Updated: Midair Collision Claims Four In Central Florida


Four people are dead after a midair collision March 7 between a Piper J3 Cub on floats and a Piper PA-28-161 Cherokee in Winter Haven, Florida. The Cub was operated by the Jack Brown Seaplane Base, and the Cherokee by Sunrise Aviation for Polk State College. The victims in the Cherokee were Sunrise Aviation flight instructor Faith Baker, 24, and Polk State College student Zachary Mace, 19. One victim in the Cub was identified by the Polk County Sheriff’s office as 67-year-old Randall Crawford of Carlisle, Pennsylvania. The fourth victim has not yet been identified.

Witnesses described hearing the aircraft collide over Lake Hartridge. The Cub can be seen in helicopter news footage floating upside down, and first responders’ boats presumably over the Cherokee, which sank in 21 feet of water approximately a quarter-mile from the Cub. Winter Haven police and fire responded to the report of the accident around 2 p.m.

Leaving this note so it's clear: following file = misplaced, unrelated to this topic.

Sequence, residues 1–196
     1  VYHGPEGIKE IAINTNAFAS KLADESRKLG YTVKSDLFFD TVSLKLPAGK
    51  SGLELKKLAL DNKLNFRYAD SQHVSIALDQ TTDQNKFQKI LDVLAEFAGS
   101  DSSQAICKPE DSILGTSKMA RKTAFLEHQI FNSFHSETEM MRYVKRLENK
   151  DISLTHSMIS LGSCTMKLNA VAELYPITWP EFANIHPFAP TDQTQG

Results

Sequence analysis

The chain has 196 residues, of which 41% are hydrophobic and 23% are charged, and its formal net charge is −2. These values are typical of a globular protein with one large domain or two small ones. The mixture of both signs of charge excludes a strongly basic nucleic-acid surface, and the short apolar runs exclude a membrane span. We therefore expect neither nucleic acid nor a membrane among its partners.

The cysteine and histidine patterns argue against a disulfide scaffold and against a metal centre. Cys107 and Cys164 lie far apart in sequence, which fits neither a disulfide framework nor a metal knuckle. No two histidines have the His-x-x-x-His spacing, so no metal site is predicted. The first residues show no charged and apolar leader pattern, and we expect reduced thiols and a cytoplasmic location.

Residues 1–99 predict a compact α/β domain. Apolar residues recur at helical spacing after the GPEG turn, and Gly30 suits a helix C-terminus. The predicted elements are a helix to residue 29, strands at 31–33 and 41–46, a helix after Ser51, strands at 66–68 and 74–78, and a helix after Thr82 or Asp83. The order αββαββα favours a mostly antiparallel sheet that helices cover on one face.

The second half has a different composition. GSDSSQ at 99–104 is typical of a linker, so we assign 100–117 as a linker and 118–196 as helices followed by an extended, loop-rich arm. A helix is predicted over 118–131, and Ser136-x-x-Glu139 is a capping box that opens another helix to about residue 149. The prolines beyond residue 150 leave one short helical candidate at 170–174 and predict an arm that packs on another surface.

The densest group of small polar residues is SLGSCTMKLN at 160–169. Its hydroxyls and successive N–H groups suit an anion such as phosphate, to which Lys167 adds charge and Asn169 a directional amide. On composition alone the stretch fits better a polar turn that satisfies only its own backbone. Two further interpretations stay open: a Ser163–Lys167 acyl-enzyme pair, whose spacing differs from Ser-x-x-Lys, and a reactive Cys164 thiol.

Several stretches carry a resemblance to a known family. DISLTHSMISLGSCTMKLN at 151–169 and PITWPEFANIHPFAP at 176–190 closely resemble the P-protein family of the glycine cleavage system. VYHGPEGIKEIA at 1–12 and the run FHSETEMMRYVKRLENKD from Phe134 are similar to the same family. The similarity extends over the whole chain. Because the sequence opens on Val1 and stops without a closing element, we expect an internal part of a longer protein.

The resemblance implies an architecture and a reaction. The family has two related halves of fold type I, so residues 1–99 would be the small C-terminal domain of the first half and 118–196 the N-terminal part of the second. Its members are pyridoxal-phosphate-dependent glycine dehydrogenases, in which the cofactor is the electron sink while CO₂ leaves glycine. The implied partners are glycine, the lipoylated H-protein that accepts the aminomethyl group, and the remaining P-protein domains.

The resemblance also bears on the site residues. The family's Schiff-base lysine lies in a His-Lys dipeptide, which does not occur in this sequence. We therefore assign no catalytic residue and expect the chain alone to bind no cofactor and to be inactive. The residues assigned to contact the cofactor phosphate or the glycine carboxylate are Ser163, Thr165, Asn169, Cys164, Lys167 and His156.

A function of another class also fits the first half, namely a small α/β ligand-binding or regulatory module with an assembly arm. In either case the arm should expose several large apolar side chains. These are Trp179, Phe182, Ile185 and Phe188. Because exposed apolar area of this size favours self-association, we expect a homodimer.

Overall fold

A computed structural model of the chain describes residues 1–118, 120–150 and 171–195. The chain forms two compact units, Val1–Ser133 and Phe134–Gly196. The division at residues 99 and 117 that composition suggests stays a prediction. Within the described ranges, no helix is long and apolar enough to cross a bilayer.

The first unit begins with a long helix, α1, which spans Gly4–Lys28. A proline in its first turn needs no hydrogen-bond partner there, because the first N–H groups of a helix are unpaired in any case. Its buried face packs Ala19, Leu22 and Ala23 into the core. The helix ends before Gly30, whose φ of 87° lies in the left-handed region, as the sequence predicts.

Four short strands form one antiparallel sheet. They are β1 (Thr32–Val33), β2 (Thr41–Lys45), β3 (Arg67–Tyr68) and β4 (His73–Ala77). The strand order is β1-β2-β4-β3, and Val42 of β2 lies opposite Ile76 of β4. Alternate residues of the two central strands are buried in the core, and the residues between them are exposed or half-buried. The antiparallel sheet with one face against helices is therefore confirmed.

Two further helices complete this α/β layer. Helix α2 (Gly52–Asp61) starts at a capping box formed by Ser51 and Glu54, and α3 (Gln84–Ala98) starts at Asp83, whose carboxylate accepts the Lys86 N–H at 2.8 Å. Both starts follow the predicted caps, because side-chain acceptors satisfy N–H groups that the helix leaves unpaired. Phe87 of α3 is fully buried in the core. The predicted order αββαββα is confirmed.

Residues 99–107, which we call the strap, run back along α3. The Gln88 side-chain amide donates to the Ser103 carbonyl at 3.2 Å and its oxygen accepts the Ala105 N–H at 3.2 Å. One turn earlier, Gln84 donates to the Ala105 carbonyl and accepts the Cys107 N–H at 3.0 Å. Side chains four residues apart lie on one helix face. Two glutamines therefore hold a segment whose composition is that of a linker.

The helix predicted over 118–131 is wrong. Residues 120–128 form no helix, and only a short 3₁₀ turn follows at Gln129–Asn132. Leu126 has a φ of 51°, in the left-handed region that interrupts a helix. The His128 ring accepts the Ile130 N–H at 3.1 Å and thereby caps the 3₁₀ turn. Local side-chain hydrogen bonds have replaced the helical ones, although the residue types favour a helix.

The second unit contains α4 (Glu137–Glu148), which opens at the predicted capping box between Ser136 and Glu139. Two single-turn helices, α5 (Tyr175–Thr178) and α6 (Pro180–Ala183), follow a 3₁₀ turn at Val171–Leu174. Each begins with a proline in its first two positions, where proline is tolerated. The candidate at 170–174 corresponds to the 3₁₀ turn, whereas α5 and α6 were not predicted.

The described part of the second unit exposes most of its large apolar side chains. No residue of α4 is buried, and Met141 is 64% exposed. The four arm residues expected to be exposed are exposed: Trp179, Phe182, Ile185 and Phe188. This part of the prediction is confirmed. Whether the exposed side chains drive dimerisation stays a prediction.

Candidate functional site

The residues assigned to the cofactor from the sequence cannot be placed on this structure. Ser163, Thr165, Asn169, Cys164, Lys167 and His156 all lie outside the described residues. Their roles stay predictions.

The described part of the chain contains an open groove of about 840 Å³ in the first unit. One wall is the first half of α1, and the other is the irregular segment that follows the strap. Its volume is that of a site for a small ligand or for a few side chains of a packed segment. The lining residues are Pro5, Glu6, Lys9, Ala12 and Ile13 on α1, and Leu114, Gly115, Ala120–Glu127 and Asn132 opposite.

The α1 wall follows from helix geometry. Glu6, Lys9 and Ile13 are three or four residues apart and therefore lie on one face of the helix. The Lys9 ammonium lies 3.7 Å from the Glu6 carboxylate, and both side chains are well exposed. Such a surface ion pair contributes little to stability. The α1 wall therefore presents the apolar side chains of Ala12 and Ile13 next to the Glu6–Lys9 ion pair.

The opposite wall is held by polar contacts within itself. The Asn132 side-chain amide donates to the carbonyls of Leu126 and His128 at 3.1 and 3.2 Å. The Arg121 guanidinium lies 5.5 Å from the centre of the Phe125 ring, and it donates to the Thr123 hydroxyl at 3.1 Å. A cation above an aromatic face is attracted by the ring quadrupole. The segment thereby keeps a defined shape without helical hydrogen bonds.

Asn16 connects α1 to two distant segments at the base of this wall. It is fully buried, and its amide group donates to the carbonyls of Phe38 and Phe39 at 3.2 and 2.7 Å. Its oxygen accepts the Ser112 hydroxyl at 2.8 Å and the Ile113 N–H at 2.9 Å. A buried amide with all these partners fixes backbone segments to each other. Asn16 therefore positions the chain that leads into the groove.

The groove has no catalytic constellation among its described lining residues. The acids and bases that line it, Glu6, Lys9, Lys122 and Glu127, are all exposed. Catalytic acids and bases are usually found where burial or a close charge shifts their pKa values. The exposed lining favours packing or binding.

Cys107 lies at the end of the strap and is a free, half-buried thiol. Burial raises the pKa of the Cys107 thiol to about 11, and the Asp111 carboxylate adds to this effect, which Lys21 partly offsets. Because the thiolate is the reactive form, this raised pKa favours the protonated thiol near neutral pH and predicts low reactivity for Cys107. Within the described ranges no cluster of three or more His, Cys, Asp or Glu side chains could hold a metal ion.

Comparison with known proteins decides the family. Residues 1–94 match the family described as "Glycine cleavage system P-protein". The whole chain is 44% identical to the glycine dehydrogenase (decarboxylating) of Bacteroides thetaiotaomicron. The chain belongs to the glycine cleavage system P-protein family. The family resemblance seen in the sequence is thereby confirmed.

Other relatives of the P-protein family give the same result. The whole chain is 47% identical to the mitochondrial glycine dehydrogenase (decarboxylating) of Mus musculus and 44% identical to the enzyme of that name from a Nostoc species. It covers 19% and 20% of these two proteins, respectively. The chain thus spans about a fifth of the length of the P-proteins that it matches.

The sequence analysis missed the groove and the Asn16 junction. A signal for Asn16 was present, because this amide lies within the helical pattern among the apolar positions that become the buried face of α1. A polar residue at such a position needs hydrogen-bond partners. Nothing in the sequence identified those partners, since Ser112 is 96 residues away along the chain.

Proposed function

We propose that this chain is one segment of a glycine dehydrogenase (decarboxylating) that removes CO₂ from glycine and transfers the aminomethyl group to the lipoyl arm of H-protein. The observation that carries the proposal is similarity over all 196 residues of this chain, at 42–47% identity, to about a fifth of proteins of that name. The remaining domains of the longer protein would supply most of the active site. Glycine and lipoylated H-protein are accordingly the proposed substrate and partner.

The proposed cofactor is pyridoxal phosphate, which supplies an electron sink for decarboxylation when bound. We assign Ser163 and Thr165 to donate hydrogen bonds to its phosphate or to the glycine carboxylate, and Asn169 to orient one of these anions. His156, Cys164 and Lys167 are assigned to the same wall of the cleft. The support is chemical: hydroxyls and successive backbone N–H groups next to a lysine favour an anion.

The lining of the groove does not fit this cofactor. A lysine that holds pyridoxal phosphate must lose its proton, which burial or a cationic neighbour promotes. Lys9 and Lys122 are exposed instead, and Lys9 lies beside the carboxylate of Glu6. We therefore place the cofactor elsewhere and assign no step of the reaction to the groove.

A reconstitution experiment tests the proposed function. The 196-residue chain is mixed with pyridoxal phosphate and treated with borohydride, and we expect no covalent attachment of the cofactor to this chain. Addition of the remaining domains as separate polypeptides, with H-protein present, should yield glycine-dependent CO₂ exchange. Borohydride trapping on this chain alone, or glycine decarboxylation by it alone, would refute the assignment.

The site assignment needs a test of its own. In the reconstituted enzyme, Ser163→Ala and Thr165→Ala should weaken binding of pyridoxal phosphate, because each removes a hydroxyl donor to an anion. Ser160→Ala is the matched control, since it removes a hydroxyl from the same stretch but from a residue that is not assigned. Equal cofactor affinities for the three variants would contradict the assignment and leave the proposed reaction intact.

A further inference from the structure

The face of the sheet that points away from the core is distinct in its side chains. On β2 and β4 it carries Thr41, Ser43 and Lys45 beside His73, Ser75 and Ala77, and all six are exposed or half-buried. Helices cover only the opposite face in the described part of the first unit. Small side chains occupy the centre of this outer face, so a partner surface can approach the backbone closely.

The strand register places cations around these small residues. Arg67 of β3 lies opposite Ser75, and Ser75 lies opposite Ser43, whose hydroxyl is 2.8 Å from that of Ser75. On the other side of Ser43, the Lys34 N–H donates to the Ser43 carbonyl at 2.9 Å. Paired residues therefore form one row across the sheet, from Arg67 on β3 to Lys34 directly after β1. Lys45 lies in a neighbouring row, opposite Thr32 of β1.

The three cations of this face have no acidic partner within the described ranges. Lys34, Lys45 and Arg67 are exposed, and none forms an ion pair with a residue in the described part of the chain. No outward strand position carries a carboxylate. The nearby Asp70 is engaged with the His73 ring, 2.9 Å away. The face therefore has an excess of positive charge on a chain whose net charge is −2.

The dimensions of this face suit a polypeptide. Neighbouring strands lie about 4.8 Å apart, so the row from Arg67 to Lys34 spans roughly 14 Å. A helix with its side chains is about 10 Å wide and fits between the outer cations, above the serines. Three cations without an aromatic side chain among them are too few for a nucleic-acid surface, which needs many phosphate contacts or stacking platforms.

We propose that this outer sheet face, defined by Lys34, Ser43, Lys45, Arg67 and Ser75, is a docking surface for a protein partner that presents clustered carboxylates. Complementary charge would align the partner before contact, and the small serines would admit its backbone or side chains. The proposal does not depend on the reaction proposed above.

According to its website, Polk State College offers a range of degrees in aeronautical sciences, including associate degrees in professional pilot science, aerospace administration and aviation maintenance administration, and bachelor’s degrees in aerospace sciences. Widely respected, the Jack Brown Seaplane Base was started in 1963 by longtime seaplane enthusiast Jack Brown. In 2019, Brown’s son Jon sold the business to son-in-law and longtime instructor and FAA Designated Pilot Examiner Ben Shipps. According to its website, in its 57-year history, the specialized seaplane training operation has certified more than 22,000 pilots from all around the world and logs thousands of hours every year.


The fourth victim has been identified as long-time pilot and Jack Brown Seaplane Base instructor Louis DeFazio, 78, of Fredricksburg, Texas, and Winter Haven.